However the imprisonment and forced labor, up to 19 hours a day of it, would be anything but minor. Just a few years ago, another house church pastor had collapsed, vomiting on the floor of a labor camp, only to be ignored by the prison guards until he died. In that case the prison simply stated that the pastor, only a year older than Shi Enhao, had died of natural causes. To make matters worse, an investigation of China’s labor camps in 2006 by Western lawyers reported on the likelihood that political prisoners were being allowed to die or even killed in the camps in order for China to harvest and sell their organs.
For Pastor Shi Enhao, who comes from a family with four generations of service to China’s Christian church, and who is the deputy director of the Chinese House Church Alliance, the arrest was not necessarily a surprise. His arrest would be followed by a surge of pressure on his church to close its doors permanently. Leaders were repeatedly detained and released while church property, from $22,160 in offerings to the church vehicle and choir robes, was confiscated.
It was during this time that ICC began sending regular support to Pastor Shi Enhao’s family. Pastor Enhao’s 86 year old mother needed 24hr a day care, even as his wife, son, and three daughters were being threatened by police. ICC also posted news of Pastor Shi Enhao’s story on its website in an effort with other organizations to draw attention to his plight.
It came than as a sudden and palpable feeling of relief when word arrived in January that Pastor Enhao has been unexpectedly released. Not only did he serve just six months of his two year sentence, but Chinese officials failed to even have an explanation for why he was released, saying only that his case would need “further investigation”. Today Pastor Shi Enhao is at home with his family, and there can be no doubt that the prayers and attention his case received played a major role in getting him there.
However the battle is not over. The pressure on Pastor Shi Enhao and the Chinese House Church Alliance will almost certainly continue, and there are more Christians like Pastor Enhao who remain locked away in China’s labor camps because of their love for Christ and their unwillingness to attend a government controlled church. For our persecuted brothers and sisters in China the support they receive from outside is not only helpful, but life changing.
Pastor Umar Mulinde, 37, was a sheikh (Islamic teacher) in Uganda. He was committed to his Islamic faith, studying the Qur’an and other Islamic books. His life was transformed when he gave his life to Jesus Christ after hearing the gospel when he was a university student. After powerfully encountering the love of Jesus Christ, Pastor Umar became involved in preaching the gospel to Muslims. His knowledge of the Qur’an enabled him to openly debate against Islam. He was also open in his opposition to the Sharia law in Uganda.
His outspokenness and conversion from Islam drew criticism from many Muslims, including a leading Islamic leader in Uganda who began calling for Pastor Umar’s death.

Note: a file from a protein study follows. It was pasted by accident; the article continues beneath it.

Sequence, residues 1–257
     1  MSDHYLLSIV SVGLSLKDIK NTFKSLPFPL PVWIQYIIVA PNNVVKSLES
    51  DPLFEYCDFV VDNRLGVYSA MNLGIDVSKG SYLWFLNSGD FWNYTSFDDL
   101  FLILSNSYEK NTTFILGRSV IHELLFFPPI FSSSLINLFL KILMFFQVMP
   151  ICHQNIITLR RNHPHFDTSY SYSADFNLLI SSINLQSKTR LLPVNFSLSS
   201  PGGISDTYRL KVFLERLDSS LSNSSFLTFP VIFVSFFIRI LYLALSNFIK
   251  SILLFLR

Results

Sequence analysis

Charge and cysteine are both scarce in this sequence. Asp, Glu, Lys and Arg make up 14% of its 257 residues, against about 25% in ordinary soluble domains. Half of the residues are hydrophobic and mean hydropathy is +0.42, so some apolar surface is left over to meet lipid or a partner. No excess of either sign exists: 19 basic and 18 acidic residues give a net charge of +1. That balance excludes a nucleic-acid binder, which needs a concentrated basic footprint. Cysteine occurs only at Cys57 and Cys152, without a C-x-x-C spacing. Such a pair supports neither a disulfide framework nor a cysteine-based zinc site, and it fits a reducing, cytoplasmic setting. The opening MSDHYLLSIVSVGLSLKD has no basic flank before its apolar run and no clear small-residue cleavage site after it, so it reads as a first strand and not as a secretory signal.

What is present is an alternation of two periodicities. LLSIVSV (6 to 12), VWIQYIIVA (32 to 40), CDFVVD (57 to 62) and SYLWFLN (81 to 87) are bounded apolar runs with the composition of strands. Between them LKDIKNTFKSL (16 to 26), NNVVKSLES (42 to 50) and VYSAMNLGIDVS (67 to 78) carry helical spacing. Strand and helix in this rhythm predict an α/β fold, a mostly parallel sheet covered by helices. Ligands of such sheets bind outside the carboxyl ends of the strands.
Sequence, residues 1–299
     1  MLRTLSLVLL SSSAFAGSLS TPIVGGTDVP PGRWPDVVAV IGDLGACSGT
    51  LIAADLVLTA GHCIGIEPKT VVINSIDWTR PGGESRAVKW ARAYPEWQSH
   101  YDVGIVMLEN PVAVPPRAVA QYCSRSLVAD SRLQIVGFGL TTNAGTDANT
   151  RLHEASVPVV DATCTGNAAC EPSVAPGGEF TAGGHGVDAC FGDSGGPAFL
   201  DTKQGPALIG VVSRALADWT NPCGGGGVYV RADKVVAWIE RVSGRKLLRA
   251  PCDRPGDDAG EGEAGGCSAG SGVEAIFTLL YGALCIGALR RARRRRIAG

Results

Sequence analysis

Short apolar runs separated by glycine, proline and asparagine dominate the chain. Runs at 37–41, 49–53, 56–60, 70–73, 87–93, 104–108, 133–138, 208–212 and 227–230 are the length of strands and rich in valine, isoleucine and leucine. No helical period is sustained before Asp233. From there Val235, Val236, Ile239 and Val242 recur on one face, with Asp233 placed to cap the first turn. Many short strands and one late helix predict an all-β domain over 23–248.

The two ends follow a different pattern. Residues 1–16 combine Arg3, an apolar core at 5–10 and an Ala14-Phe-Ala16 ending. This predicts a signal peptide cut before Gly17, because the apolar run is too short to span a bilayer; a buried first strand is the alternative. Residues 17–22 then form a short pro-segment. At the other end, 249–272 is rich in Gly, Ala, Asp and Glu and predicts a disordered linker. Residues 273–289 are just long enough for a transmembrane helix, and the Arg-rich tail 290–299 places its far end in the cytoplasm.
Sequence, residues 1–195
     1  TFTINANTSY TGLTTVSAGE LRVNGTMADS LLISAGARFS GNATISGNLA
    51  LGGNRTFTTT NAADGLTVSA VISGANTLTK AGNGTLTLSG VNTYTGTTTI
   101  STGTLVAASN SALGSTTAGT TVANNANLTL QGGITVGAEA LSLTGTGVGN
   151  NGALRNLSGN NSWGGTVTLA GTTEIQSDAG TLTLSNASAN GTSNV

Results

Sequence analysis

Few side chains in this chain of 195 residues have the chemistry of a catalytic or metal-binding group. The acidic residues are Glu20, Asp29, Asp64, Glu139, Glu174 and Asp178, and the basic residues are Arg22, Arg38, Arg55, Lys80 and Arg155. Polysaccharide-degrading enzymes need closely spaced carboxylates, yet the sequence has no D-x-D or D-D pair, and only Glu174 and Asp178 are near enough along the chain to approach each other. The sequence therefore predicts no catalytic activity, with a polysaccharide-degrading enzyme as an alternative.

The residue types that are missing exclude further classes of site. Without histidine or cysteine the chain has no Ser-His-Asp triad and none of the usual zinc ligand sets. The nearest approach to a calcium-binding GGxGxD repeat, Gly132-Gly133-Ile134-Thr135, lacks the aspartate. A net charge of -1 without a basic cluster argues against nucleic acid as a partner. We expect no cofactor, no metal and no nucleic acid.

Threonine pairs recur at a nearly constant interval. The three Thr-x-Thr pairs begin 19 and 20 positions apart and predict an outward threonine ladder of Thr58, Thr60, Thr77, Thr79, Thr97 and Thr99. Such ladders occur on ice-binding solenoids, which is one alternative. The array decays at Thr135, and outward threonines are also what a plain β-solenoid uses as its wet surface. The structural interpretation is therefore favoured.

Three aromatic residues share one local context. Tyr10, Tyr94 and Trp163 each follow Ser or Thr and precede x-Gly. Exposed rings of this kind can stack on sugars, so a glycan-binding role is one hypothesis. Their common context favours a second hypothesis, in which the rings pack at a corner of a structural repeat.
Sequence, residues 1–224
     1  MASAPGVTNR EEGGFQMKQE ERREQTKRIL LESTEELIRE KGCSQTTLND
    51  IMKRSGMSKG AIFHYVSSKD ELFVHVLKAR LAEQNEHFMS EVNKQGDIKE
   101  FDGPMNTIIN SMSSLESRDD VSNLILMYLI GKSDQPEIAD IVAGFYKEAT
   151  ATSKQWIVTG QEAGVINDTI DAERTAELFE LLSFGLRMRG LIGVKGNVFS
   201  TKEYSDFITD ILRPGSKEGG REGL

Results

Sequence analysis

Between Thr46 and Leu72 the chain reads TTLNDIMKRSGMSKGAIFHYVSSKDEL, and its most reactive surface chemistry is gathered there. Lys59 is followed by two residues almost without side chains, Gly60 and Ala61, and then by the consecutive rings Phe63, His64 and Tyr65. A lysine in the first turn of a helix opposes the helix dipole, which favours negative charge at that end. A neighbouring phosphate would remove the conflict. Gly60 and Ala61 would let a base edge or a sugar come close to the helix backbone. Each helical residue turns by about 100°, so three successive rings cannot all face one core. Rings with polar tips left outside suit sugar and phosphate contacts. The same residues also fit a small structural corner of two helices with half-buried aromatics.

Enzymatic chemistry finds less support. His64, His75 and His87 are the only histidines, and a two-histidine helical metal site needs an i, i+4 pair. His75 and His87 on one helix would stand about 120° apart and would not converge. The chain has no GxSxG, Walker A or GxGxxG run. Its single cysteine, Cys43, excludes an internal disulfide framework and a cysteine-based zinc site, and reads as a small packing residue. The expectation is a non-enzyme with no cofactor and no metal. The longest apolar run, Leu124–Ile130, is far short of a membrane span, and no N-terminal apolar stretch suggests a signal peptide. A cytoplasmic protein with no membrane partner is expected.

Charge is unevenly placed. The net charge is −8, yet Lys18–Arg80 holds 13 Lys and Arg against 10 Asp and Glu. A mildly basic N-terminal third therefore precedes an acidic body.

According to Compass Direct News, Pastor Umar was attacked after he finished conducting a week-long revival meeting. A man called his name, and when the pastor turned to talk to him, he poured acid on the pastor’s face. The attacker shouted, “Allahu Akbar!” as he fled the scene of the attack. The acid burn affected 30% of the pastor’s face and blinded one of his eyes (above). Due to the severity of the damages, the pastor was taken to Israel where he is currently receiving medical treatment.
Speaking to ICC from Israel, Pastor Umar said, “The persecution because of the name of the Lord is real and it is happening to different people around the world. Those who have their freedoms, [should] be supporting [the persecuted] because people are persecuted for Christ. …The enemy is very determined. The believers should also be determined to raise the flag and defend the name of the Lord.”
Please keep Pastor Umar and his family in your prayers. Please pray for recovery for the pastor. The pastor and his wife have six children, the youngest being three-year-old twin boys. The pastor’s wife is currently with him in Israel. Please pray for their children as they are without their parents while their father undergoes treatment.
Here at International Christian Concern, we at times find ourselves working tirelessly to defend fellow brothers and sisters in Christ whom we have never met living in countries we have never been to. We remember Jesus’ promise to those who feed the hungry, clothe the naked, and visit the sick and the persecuted: “Truly I tell you, whatever you did for one of the least of these brothers and sisters of mine, you did for me” (Matt 25:41). We find joy in helping fellow believers and come to the realization, as I shared with a house fellowship of Indian immigrants in Qatar last week, that we are all equal and co-heirs with Christ in God’s kingdom (Rom 8:17). “There is neither Jew nor Greek, slave nor free, male nor female, for [we] are all one in Christ Jesus” (Gal 3:28). Our shared oneness in the body of Christ compels us to bear one another’s burdens regardless of the trials or tribulations that may follow.